City is moving with the times, posting overdue taxes and posting audits online rather than on paper


The City of Owensboro is adapting to the times. Rather than posting overdue taxes and their audit publication in the newspaper, the City will instead make all information available on its own website. Officials said that in addition to being more accessible, it’s a move that will save taxpayers money every year.

Due to changes in Kentucky law, the city is no longer required to spend money posting overdue taxes and their audit publication in the Messenger-Inquirer. The move will save just over $6,000 per year.

Dane Galloway, deputy director of finance and support services, said the city has adapted the way it does business and shares information with the public over the past few years.

“There have been some changes in the way people get their information these days,” Galloway said. “This method (of posting on our website) makes it more accessible. You don’t have to get the paper. It’s also easily shareable.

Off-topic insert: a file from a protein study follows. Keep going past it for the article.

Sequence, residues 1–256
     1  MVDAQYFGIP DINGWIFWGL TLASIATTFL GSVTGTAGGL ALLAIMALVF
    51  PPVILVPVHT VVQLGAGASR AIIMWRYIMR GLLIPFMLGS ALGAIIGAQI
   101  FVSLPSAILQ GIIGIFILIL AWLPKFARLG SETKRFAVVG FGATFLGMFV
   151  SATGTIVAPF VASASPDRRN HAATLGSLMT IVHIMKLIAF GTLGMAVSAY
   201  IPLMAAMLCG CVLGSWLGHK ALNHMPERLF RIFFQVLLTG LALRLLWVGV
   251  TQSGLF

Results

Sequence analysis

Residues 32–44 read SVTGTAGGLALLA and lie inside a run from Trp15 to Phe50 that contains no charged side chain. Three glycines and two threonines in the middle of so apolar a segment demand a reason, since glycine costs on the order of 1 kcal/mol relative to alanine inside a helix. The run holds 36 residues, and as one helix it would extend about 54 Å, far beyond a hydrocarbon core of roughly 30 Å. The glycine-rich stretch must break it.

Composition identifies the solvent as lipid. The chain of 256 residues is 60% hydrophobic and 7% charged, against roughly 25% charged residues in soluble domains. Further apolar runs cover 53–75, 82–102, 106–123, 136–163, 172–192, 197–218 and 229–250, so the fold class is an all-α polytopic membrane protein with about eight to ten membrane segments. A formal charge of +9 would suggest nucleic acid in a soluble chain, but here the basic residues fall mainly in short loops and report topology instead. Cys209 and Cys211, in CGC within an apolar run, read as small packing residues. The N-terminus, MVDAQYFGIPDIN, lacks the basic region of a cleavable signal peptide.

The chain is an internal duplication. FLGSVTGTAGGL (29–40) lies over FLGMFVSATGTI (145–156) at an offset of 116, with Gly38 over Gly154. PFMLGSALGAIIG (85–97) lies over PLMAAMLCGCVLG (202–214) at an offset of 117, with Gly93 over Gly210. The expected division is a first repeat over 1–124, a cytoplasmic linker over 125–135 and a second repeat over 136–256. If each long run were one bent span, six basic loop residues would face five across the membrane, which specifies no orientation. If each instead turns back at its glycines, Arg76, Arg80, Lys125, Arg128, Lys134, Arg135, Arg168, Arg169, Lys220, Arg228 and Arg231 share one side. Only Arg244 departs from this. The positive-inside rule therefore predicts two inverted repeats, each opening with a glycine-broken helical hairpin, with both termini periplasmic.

Galloway said specifically with overdue property and property taxes, the ability to share is a big factor. For example, someone can see a family member’s name and quickly send the link to let them know about an overdue tax they may not have been aware of. It’s not so easy with a newspaper.

Also, it’s only once in the log. From now on, overdue taxes will be posted on the City’s website for 30 days. Galloway said this was another big benefit for citizens.

“All the electronic aspects make it easy to share and access,” she said. “I think it’s a bit of a change of era and it’s more user-friendly than paper.”

Regarding the audit, the City generally had to pay $5,000 to publish an insert in the newspaper. This is no longer the case.

Galloway said they will leave a link to the audit on the city’s homepage for 30 years, then it will be available on the finance department page for at least two years.

“We’re very aware of how people get their information and how people are moving towards electronic consumption,” Galloway said. “With technology, things are so much more accessible. The nature of everything has changed and we are trying to change with it.

Galloway said there will be a legal notice in Saturday’s edition of the newspaper informing people of the changes.

Outstanding property and real estate taxes can be viewed here. The list will be updated weekly to reflect payments made. If anyone has any questions, they can contact the City Tax Department at 270-687-8537.

The City’s audit publication can be accessed here. If anyone has any questions, they can contact the City’s finance department at 270-687-8534.


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